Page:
Early damage assessments from the first 10 days of allied bombing runs against Iraq and occupied Kuwait indicate that despite many successes, important parts of Saddam Hussein's war machine have not been significantly harmed, The Washington Post reported Monday.

The newspaper said the Pentagon is not releasing details of the damage assessments because officials consider them subject to daily changes and because officials are concerned that the first assessments might suggest incorrectly that the air campaign is not going well. The details, however, are being given to senior government officials in briefings.The Post cited unidentified well-placed officials in its report.

According to the initial assessments of the allied air strikes, the Post said:

-About 65 percent of the Iraqi airfields are still operational, although last week the Pentagon said 100 percent had been "neutralized" by air strikes or because U.S. air superiority was keeping Iraqi planes out of the air.

-Nearly all of Iraq's air defense radar was eliminated during the first week of the war, but about 20 percent of it is back in operation. The Iraqis are using mobile radar units and have taken old radars out of storage.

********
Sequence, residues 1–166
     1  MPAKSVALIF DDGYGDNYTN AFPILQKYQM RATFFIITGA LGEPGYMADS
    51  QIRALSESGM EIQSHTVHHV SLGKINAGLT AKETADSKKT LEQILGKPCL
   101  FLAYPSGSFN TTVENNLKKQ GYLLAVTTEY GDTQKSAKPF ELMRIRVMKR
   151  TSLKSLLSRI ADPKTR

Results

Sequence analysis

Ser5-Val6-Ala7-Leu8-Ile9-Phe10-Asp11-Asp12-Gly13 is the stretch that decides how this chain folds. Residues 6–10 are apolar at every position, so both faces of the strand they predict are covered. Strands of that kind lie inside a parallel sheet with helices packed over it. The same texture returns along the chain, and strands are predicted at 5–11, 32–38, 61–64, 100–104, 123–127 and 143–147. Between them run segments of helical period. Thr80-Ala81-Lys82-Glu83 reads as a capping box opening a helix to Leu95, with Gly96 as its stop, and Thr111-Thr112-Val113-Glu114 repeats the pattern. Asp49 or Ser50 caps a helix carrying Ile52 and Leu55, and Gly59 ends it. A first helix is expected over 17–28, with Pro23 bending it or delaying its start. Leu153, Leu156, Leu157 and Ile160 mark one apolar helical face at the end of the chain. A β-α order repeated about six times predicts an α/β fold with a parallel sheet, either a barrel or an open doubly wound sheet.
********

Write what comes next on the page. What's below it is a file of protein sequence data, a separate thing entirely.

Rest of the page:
-As of Friday, only eight of Iraq's 30 fixed Scud missile launchers had been damaged enough to fully disable them.

Officials think some of Iraq's mobile missile launchers have been damaged, but intelligence agents have not produced proof of that, the Post said.

-The Iraqi president can maintain communications with his forces through a sophisticated network of command posts, some of them mobile.

A senior official told the newspaper that the air raids are forcing Saddam to use less reliable means of communicating with his troops, and the attack plan directed at his command network is proceeding on schedule.

-Iraq can no longer develop nuclear weapons; about 50 percent of its capacity to make new chemical and biological weapons has been destroyed.

-Most Iraqi supply lines have been largely unaffected by the bombing, allowing food and ammunition to reach soliders in the field.

-The Iraqis are able to restore runways at their 66 major airfields, most of which have been put out of action at one point or another during the war.

The newspaper also noted that Iraq's 8,000 to 9,000 pieces of high grade anti-aircraft artillery have been largely unaffected by the air strikes; 11 of Iraq's 12 major petrochemical facilities have received moderate damage; and Baghdad's normal electrical generating capacity has been destroyed.